This is the second of two posts on lawyers at the Office of Price Administration during World War II. You may begin with the first, here.
My grandfather, Sigmund A. Robinson was a 1928 graduate of the University of Michigan Law School. In the 1930s he practiced with another lawyer in Detroit, occasionally handling minor matters for the Ford Motor Company, until, as family legend has it, Henry Ford learned that he was Jewish and ordered that he be given no more cases. He moved moved to Indianapolis to become a “price lawyer” in OPA and remained in the city after the war as general counsel for the “Real-Silk,” a manufacturer of synthetic women’s hosiery.
On November 12, 1942, he supplemented his usual report on his activities with some reflections on the work of the agency.
TO: Mr. John R. Scott
Chief Indiana Attorney
FROM: S. A. Robinson
Chief Price Attorney
SUBJECT: Report for period from October 27th to November 11th, inclusive
Volume for the period was as follows: Telephone inquiries-475; office interviews with members of the public-15; letters of interpretation and explanation-93; interoffice consultations with the price executive and members of his staff-48.
Once upon a time, long, long ago (at least so my college textbook in Organic Evolution said) there lived a dinosaur named Stegasaurus. This monster’s body kept growing larger and larger but its brain, which was only about the size of that of a three weeks old kitten, failed to grow along with its body and so proved unequal to the task of managing and directing so huge a bulk. The result was that Stegasaurus became an easy prey for its rapacious adversaries and became extinct.
There is, of course, a moral to be drawn from the sad demise of Stegasaurus. The body of price control, the regulations, revisions, amendment, revocations, supplementary regulations, and general and special orders, keeps growing larger and larger at an amazing rate. The brains of both those required to comply and those charged with its administration, interpretation, and enforcement are not growing space. If the present rate of growth continues, price control, too, may become an easy prey for its adversaries and become even more extinct than Stegasaurus since it is doubtful if the regulations will be displayed in Sinclair Refining advertisements a few thousand years hence like Stegasaurus is today.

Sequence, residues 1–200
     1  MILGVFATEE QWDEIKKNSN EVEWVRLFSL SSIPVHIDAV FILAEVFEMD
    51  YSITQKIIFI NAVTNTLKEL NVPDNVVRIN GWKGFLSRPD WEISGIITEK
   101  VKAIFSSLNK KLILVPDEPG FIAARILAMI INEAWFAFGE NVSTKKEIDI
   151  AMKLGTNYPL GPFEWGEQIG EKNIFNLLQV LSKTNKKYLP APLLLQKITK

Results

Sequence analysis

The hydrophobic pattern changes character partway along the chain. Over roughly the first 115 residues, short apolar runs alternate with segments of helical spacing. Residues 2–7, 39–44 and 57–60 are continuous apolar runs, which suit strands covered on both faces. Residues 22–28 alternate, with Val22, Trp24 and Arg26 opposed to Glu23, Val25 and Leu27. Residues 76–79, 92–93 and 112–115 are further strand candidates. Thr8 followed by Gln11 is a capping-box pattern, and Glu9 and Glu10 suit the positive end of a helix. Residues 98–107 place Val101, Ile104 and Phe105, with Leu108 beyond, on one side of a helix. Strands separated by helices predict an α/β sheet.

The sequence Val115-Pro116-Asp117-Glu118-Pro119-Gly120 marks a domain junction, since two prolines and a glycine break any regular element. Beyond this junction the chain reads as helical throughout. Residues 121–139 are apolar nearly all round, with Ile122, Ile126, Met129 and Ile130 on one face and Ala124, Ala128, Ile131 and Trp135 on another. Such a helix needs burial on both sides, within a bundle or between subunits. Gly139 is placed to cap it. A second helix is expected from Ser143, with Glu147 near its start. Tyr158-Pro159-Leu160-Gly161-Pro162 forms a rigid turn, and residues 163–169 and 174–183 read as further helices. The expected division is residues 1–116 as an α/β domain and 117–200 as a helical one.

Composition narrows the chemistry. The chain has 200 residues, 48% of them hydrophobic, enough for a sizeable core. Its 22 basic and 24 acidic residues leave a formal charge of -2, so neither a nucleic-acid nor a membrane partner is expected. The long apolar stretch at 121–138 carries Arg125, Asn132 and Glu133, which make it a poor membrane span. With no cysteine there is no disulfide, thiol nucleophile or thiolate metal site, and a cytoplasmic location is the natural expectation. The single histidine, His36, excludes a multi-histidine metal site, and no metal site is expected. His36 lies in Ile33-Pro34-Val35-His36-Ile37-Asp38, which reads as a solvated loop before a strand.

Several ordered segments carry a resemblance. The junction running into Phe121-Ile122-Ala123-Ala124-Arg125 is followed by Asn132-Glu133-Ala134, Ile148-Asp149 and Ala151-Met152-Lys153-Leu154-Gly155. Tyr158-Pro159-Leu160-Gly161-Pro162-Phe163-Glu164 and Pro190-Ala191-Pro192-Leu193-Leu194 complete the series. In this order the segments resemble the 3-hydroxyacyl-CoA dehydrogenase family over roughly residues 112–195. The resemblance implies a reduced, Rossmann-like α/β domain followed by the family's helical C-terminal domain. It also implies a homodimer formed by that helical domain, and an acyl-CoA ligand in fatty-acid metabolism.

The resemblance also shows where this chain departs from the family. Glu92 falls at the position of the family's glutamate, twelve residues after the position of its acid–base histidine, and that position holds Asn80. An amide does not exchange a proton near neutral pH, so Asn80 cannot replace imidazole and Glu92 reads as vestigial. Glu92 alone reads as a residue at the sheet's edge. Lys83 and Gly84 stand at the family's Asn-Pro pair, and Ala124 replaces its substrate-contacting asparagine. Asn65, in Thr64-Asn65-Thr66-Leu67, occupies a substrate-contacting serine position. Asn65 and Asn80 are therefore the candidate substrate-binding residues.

The average small merchant is wholly unequal to the task of keeping abreast of the rules and requirements. The country general store is subject to about 25 or more regulations, a number of which have been many times amended. The corner grocer has to contend with about a dozen and current production for the grocery trade is about two new regulations a week. The shoe repair is fortunate, with in most instances only three regulations to worry about, MPR 165 for the soles MPR 200 for the heels, and GMPR for everything else.
Many of the regulations have caused wearers of Phi Beta Kappa and Coif keys considerable periods of anguish. With three regulations on mince meat, Christmas cookies, fig pudding, etc., a 5 inch definition of apple butter and formulas like MPR 210 and Amendment 8 to MPR 122 which are not only difficult to understand but impossible for most small merchants to follow because of lack of records on which the computations are based, the staff in the field is verging upon a state of confusion and frustration.